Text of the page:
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Giro d’Italia 2021, Stage 17: Canazei – Sega di Ala. You cannot pass


Stage 17: Canazei – Sega di Ala. You cannot pass

Stage 17: Canazei – Sega di Ala. You cannot pass

Ernest Hemingway first came to Italy in 1918 during World War I. As he was serving as a volunteer, rescuing wounded soldiers on Monte Pasubio, he met Bartolomeo Aymo, a great 1920s cyclist, four-time podium finisher at the Giro. He was the archetypal anti-hero that Hemingway greatly valued – hampered by punctures, crashes and misfortune. Bartolomeo Aymo is also one of the ambulance drivers in “A Farewell to Arms”, Hemingway’s tribute to his hard-luck career. One of his greatest lines is «a bicycle is a splendid thing». A bicycle was indeed splendid thing that took Hemingway to the frontline. He was handing out letters, chocolate, cigars and jam to the soldiers on the battleground, when he was badly wounded by a bomb – a sound that he described as ‘a cough’ and that will scar him for life. 

Hemingway came back to Italy for the second time in 1948. Count Federico Kechler invited him trout fishing. The two of them were driving aboard a blue-coloured Lancia, heading for Canazei, and feasting their eyes on the world-unique view of the Sassolungo, the Passo Sella and the Marmolada, when a police officer stopped them. «You cannot pass, the Giro d’Italia is underway». The riders had been caught in a hailstorm as they flew down from the Passo Rolle. The forest, the clouds and the road had blackened. «Their brakes were screeching like kittens calling for their mother», wrote Dino Buzzati. When the sun came out, Bartali wiped the mud off his face and bit into a banana. Coppi pulled away, heading towards Canazei. Buzzati continued: «His face gradually thinned down, as his upper lip stiffed, making him look like a mouse caught in a trap». Some writers really have extraordinary capacities for lifelike descriptions.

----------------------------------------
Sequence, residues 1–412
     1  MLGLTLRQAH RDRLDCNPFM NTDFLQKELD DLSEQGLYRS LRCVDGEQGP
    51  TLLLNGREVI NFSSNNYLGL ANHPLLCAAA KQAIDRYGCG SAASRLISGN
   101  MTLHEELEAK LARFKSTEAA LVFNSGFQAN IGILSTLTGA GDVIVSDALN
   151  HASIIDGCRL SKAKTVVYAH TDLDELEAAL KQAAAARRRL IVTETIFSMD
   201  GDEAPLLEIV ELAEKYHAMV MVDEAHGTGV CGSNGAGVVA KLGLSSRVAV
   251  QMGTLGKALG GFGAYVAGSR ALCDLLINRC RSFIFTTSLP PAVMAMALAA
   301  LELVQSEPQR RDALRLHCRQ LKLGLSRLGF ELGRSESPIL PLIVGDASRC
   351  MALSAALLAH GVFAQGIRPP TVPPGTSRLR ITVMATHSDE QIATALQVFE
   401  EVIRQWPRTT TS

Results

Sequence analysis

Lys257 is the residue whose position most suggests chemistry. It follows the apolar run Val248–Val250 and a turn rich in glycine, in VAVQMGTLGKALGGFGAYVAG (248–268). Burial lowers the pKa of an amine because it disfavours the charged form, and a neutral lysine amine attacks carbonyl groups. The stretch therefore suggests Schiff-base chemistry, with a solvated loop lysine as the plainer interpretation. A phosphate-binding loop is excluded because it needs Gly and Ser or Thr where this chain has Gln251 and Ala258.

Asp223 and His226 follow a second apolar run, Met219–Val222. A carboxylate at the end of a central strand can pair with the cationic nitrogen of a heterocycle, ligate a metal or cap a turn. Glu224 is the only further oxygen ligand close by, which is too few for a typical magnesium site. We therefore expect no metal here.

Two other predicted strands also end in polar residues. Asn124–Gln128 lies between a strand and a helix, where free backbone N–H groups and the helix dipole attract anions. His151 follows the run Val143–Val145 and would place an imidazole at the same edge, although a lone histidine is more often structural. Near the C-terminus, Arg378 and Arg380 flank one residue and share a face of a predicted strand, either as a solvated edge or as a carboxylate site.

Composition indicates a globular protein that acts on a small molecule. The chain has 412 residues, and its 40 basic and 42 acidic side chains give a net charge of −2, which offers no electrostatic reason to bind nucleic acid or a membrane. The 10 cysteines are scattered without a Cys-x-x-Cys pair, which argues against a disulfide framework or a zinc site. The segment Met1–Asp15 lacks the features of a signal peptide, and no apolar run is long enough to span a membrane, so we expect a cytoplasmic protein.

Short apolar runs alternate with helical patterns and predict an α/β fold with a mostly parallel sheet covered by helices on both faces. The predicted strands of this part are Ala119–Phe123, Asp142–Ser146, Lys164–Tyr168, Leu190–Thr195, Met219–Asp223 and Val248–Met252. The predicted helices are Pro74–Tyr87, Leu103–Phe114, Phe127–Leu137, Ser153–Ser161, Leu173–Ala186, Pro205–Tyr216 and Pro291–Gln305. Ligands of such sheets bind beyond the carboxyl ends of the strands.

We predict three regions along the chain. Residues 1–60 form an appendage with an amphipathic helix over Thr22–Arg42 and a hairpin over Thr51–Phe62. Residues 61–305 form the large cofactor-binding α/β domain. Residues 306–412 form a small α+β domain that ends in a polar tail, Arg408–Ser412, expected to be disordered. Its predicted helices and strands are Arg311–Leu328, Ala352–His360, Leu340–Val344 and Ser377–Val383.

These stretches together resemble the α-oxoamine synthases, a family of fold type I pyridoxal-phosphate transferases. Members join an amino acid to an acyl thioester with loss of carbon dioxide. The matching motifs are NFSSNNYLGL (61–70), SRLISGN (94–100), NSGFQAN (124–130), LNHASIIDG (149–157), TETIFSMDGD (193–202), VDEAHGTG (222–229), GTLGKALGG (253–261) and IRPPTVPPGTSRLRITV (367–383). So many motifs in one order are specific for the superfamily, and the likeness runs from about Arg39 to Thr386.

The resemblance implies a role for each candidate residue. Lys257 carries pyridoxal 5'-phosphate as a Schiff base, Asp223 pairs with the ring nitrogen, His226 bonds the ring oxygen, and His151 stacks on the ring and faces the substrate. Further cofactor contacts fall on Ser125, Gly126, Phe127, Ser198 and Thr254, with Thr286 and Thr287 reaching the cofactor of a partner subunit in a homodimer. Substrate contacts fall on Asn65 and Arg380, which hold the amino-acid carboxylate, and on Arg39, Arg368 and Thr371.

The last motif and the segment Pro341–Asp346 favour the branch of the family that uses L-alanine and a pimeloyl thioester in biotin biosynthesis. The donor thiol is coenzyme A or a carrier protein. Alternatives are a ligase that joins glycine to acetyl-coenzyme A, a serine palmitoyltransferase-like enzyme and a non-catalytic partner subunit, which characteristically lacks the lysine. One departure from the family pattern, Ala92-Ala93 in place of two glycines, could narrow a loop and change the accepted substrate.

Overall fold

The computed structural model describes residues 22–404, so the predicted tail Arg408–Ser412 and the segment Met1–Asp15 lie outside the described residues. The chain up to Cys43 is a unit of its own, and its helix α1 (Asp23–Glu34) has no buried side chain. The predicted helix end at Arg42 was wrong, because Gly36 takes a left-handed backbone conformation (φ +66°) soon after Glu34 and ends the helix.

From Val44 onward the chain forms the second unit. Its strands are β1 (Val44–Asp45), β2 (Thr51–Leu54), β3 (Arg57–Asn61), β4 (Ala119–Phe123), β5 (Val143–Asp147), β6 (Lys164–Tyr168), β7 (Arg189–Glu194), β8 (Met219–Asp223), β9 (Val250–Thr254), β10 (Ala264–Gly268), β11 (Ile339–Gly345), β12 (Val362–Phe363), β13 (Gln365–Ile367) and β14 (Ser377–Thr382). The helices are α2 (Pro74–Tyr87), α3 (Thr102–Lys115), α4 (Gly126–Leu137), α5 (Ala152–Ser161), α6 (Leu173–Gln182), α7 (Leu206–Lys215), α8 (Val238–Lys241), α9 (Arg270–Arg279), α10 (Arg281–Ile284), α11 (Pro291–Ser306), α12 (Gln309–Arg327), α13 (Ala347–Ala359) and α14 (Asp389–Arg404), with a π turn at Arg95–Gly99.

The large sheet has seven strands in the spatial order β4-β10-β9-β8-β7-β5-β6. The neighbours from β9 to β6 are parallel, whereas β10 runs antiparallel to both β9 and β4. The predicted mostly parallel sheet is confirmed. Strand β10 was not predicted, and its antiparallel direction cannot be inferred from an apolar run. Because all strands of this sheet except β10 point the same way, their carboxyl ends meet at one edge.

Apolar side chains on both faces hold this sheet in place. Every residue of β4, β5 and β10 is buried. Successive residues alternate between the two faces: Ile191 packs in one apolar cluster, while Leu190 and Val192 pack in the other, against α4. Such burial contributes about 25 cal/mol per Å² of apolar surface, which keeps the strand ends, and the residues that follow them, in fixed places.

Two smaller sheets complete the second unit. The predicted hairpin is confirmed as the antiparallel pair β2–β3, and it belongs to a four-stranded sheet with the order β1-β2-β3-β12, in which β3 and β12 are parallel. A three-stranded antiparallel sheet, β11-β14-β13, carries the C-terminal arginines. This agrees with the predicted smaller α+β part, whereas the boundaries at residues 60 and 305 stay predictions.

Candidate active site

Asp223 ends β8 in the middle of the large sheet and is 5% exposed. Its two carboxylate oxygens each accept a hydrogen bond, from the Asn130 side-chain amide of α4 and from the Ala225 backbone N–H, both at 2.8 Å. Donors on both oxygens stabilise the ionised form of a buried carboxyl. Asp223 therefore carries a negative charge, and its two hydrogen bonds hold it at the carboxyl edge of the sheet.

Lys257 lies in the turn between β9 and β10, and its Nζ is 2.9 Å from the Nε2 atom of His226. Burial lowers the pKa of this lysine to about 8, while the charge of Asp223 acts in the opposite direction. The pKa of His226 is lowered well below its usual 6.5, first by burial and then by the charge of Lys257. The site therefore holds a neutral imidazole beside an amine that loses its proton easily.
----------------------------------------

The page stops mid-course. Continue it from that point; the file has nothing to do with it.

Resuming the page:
Bartali had already bitten into a banana, and Coppi had already taken flight, cruising to victory, when Hemingway saw them zip by

It was only a matter of moments, just a few round pedal strokes, but he was taken aback. He had attended six-day bike races in Paris, but none of them was as thrilling as the sight of Coppi and Bartali battling on the Dolomites. He was so amazed that he immediately purchased two bicycles for him and Kechler, and off they went, riding through the mountains.


Hemingway was secretly fond of cycling. A deep passion that he would conceal, however, unable to create a narrative that could even remotely convey the overwhelming emotion that he felt when he saw the Giro in Canazei. He had successfully written about the war, about people dodging the horns of fighting bulls, about a fisherman’s battle with the largest marlin in the Atlantic Sea. He had started many stories about bicycle racing, but he finally had to admit that it was impossible to write «one that is as good as the races are».

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